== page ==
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Hawaii leaders applaud Biden’s disaster declaration for Kauai

                                Workers clean up the Wailua River to unblock the bridge area in April.
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Workers clean up the Wailua River to unblock the bridge area in April.

LIHUE >> A federal disaster declaration from President Joe Biden was hailed by local and federal lawmakers, who said the decision would bring much-needed relief to communities on Kauai affected by severe weather and flooding in April.

The decision, which was announced Tuesday, sets forth the release of federal assistance through the Federal Emergency Management Agency’s Public Assistance and Hazard Mitigation programs. Total funding is not known and is determined based on projects eligible for assistance from FEMA.

The disaster declaration stems from a storm that barreled into the island on April 11 and produced roughly 12 inches of rain in some areas over a 12-hour period.

“We are incredibly grateful to our federal partners for recognizing the significant damages sustained to our island’s infrastructure as a result of the severe flooding this past April,” said Mayor Derek S.K. Kawakami in a statement.

“Through this crucial support, we remain on course to address needed repairs, rebuild, and enhance our resiliency against future disasters. We thank all partners who continue to work tirelessly during this recovery period, and most of all to our residents and all impacted for their ongoing patience.”

Federal lawmakers from Hawaii were appreciative of the Biden administration for moving swiftly.

“FEMA has been a key partner in this process, and we thank the Biden administration for moving fast to approve this disaster declaration,” said U.S. Sens. Brian Schatz and Mazie K. Hirono and U.S. Reps. Ed Case and Jill Tokuda in a joint statement earlier this week. “This declaration will help our state and county governments rebuild and recover.”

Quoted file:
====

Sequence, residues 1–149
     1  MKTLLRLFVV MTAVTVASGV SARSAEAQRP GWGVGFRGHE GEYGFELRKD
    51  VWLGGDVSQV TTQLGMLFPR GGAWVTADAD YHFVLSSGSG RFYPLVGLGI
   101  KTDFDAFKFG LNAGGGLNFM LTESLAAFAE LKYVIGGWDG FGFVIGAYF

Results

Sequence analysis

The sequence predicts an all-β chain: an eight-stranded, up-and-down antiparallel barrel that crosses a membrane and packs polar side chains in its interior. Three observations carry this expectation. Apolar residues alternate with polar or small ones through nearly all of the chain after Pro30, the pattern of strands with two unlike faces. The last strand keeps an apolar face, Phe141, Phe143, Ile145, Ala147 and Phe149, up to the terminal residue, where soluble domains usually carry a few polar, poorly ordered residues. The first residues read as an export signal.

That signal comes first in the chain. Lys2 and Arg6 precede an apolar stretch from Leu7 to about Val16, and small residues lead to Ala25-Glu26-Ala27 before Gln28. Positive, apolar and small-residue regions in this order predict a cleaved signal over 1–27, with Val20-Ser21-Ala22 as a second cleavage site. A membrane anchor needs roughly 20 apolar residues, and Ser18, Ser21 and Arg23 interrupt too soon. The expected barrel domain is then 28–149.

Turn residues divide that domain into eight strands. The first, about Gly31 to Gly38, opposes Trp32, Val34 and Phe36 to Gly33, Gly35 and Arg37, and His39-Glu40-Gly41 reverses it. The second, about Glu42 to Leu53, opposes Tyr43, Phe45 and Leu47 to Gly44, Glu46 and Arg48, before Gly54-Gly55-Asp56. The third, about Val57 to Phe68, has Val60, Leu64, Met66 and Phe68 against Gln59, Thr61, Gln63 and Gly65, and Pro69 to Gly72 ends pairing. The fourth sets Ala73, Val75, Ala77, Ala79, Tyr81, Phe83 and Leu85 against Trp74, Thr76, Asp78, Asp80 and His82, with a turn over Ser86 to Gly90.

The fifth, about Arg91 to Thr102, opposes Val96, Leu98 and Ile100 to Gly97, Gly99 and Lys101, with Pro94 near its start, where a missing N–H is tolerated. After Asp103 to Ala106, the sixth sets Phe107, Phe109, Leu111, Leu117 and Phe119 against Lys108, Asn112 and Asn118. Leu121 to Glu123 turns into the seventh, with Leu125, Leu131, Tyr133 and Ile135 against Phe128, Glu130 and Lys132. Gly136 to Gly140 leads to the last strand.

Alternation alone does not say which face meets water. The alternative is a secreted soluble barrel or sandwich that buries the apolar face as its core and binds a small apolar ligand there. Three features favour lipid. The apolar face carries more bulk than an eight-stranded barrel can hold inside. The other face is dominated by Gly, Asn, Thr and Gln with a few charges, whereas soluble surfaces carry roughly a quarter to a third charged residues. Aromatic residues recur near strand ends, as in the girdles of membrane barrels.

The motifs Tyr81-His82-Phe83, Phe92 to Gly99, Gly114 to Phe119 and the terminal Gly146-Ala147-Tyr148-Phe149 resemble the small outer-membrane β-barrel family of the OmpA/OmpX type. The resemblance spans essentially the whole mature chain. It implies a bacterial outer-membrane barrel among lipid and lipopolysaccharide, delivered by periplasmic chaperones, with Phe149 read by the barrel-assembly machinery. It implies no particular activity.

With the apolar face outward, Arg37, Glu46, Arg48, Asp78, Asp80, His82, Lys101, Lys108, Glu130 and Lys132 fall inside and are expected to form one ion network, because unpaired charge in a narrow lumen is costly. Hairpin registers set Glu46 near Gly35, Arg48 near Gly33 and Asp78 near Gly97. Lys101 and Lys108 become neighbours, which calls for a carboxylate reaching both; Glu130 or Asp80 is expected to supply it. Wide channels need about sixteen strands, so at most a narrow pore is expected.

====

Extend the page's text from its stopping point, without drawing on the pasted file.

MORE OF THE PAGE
The Kauai Emergency Management Agency will take the lead on the coordination and application process of the federal programs.

“FEMA’s Public Assistance program ensures that the County of Kauai can recover from the immediate impacts of the disaster by funding emergency work and repairs to public infrastructure,” the county said in announcing the disaster declaration. “In addition, the agency’s funds from the Hazard Mitigation Grant aim to prevent future disasters or reduce their impact by investing in long-term resilience projects.”

The April storm dumped 12.51 inches of rain in Kalaheo, 12.05 inches in North Wailua Ditch, 11.8 inches at Lihue Airport, 11.35 inches in Omao, 11.26 inches in Wailua, 10.59 inches in Poipu and 10 inches in Kapahi all between 6 p.m. April 11 and 6 a.m. April 12, the National Weather Service said.

As a result, Kawakami and Gov. Josh Green signed emergency proclamations, which prompted the American Red Cross to dispatch volunteers and open two shelters during the early hours of April 12.

The Kauai Police Department said water rescues did occur due to rising flood­waters, but there were no reports of any serious injuries.

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